Jared is the author of Surrounded by Monsters
We sat down with Jared Gniewek recently and talked to him about his latest radio play for earstage.com


What inspired you to write your first audio play?

I had been working in the music industry as a percussion technician in one of the oldest rooms of its type in the world. The original proprietor, Carroll Bratman, was an innovator in Golden Age Radio foley effects. I was literally surrounded in this warehouse space by relics of radio sound effects! Creaking doors, clanging machine parts, marching feet, coconuts...you name it. I was asked by earstage to contribute a play as they were aware of my writing aspirations and I remember looking around the room at the thundersheets and boing boxes and thinking to myself, “this is what I need to be doing.”


Do you have a specific writing style?

I write earthy soft hearted fantasy and horror with thematic percussive dialogue. Punchy and two fisted scripting.


How did you come up with the title?

There's an awesome band called High on Fire out of Oakland who put out an album called Surrounded by Thieves. I thought the title to be very evocative of the general (sad) distrust I feel towards other human beings. The title of my play (Surrounded by Monsters) was a rip off of that.


Is there a message in your audio play that you want readers to grasp?

That you're not always right.


Are experiences based on someone you know, or events in your own life?

It came from a fear I have that human beings are quite plainly, monsters. That I can't trust people and how sad I am that I feel that way. I wanted to say something about the selfishness of conspiratorial belief.


Who or what has influenced your writing, and in what way?

I never thought I could write dialogue until I saw “Marty” with Ernest Borgnine and realized that Paddy Chayefsky created themes for each of his scenes that are almost musically repeated. After that I began to use my love of music and rhythm to construct dialogue. I could never have written an audio play without the insight I got from that film.


What book are you reading now?

Dogsbody, by Diane Wynne Jones. It's a batshit crazy science-fantasy novel about a star trapped in the body of a dog.


What are your current projects?

I've  been writing karaoke card game called Scary-oke, reviews of graphic novels for Graphic NYC,  blogging about the writing process for the Sequential Art Collective, and writing radio plays for Audio Movies.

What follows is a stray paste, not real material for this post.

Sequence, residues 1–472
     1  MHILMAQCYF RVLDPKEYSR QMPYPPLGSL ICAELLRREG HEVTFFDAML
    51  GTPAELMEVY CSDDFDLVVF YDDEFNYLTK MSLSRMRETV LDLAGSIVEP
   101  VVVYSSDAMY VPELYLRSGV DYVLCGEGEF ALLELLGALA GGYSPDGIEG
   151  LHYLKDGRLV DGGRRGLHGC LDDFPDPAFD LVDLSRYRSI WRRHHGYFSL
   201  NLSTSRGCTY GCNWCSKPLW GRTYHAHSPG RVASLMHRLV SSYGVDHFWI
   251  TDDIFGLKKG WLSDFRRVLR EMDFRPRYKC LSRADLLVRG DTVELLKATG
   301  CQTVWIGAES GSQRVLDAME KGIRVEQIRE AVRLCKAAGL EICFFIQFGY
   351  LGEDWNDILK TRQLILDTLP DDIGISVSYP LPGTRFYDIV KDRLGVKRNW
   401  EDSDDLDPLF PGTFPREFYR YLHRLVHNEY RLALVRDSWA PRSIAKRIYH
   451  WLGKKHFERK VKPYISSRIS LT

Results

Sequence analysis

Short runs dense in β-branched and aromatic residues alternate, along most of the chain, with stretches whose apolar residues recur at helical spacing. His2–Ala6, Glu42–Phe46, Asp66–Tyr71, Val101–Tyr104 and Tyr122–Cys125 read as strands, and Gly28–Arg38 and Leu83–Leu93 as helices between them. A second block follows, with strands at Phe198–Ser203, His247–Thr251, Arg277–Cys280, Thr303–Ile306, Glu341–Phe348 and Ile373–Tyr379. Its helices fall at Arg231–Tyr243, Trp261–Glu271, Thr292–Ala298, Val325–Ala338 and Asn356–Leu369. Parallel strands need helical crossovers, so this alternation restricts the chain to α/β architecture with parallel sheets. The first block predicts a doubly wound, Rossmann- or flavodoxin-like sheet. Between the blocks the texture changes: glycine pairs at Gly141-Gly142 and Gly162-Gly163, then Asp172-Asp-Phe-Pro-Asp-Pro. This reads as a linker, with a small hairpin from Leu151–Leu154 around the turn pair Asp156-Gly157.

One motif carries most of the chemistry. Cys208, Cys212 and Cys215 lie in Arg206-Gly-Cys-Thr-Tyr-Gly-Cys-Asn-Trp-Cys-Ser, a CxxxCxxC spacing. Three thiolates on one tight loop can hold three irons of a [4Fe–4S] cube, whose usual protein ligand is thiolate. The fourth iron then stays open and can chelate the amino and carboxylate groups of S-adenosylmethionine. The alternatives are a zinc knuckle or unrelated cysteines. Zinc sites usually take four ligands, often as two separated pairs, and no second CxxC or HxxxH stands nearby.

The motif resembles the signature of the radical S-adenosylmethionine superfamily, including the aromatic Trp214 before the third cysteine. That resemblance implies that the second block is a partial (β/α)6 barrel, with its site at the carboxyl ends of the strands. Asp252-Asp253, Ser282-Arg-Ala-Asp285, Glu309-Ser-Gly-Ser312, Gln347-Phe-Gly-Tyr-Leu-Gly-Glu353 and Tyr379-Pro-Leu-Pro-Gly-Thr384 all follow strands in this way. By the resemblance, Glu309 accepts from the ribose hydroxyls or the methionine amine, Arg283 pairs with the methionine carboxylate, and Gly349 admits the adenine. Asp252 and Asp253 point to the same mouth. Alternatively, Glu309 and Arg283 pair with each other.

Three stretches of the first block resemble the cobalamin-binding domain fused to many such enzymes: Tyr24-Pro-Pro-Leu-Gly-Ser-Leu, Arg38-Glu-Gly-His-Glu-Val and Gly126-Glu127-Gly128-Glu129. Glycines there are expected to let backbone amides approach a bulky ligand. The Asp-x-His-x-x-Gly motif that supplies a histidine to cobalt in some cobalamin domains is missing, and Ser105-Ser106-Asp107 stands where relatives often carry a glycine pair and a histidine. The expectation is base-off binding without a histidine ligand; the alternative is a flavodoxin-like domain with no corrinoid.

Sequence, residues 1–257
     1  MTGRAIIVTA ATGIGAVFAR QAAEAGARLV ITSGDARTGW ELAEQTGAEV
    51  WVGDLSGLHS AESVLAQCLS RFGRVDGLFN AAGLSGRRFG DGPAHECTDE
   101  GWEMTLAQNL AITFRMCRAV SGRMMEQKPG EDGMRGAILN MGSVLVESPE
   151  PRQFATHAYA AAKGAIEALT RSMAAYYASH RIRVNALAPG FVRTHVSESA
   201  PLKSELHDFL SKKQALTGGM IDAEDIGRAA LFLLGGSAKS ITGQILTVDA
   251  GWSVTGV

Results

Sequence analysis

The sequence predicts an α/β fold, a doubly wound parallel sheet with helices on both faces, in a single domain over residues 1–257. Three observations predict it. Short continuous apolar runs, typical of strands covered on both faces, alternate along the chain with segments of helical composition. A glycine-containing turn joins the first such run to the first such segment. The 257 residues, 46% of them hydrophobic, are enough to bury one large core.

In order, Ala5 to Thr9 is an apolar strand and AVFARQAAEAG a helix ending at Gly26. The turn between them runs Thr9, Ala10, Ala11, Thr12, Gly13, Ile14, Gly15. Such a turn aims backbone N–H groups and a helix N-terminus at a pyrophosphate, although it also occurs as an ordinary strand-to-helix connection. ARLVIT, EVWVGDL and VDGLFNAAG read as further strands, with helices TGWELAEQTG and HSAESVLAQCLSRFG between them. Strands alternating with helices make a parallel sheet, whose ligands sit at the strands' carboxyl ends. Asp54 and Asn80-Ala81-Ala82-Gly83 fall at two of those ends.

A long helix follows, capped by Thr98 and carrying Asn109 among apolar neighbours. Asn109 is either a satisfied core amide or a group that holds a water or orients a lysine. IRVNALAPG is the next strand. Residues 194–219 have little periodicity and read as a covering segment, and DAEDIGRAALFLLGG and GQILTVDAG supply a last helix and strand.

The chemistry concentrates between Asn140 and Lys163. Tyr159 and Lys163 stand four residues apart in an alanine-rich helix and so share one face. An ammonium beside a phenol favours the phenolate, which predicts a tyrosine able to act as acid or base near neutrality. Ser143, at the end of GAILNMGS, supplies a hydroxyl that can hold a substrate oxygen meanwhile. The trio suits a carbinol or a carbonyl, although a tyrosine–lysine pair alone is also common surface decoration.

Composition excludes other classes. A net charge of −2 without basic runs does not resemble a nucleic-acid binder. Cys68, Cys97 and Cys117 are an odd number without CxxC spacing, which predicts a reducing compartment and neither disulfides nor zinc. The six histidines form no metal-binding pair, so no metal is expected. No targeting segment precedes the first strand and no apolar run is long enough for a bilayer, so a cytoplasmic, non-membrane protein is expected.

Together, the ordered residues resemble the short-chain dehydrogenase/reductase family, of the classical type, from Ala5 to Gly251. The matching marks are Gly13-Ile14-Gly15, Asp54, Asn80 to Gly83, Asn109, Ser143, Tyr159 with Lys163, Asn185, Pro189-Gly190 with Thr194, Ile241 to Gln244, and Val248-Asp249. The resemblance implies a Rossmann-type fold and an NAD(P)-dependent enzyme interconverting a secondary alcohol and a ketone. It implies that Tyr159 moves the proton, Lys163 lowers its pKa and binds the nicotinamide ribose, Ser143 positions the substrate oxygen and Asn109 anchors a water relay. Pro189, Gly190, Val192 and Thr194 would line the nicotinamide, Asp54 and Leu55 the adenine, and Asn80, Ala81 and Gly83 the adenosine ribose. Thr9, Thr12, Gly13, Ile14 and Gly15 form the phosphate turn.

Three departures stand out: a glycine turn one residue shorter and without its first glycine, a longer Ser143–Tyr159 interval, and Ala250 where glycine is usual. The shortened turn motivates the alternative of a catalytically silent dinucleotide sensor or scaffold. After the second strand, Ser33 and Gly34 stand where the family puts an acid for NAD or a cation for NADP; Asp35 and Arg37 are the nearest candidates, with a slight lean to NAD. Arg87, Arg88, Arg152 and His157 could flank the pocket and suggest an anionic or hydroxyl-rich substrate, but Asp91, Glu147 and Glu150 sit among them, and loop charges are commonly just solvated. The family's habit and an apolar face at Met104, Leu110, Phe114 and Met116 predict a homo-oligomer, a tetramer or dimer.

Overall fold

Of course, I've also been working on more scripts for comics and trying to get short stories published as well. Keep your fingers crossed!


If you had to do it all over again, would you change anything in your latest audio play?

No. I think it stands. I'm a forward thinker. If I didn't like something about it, I'm sure I'll improve on that aspect in a future project.


Do you recall how your interest in writing originated?

It was discovered by my teachers as I was growing up in Iowa that I was pretty good at it. Being a kid in Iowa who can string a sentence makes you like a star football player anywhere else. They are so proud (and rightly so!) of the Iowa Writer's Conference that if you exhibitt any talent at all the community gets behind you and you are treated like you're something special. I liked feeling special. They had me going to the Young Writers Conference and reading short stories on public radio. It was an amazing place.


Is there anything you find particularly challenging in your writing?

Getting the drive to sit down and make the donuts. Once I'm there it comes pretty easily but the act of shutting off the distractions in my room, life, and mind can be a herculean effort. It's a wonder I'm writing this right now!


What was the hardest part of writing your audio play?

Getting confident in my  dialogue. I had to learn to really linger over word choices in a new way.


Did you learn anything from writing your audio play and what was it?

I learned to love the medium for one. It is a distinct and special way to tell a story. And to those who favor it, nothing can compete. It rewards the listener in very potent and real ways.


Do you have any advice for other writers?

This is actually advice for myself but I'm sure someone else may benefit from it.;;

Write hard everyday. Expect rejection and take it well. You can't be what every editor or producer is looking for so don't let it slow you down. The rest is easy. Especially if you aren't expecting to make  a million dollars.


Do you have anything specific that you want to say to your listeners?

I value the opportunity to share my voice with them and hope they are entertained... and maybe a trifle frightened.

Interview with Jared Gniewek
EARSTAGE NETWORK

 

 

 
 
 
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Program

A Dollar Short
    -
Episode One
    -Episode Two


The Thinking Machine
   
-Cell 13
    -Piece of String


Dark Sense Series
   
-Architect of Fear
    -Surrounded by Monsters
    -The Apollo


Rover Rep.
   
-The Raven
    -Masque of the Red Death
    -The Tell Tale Heart

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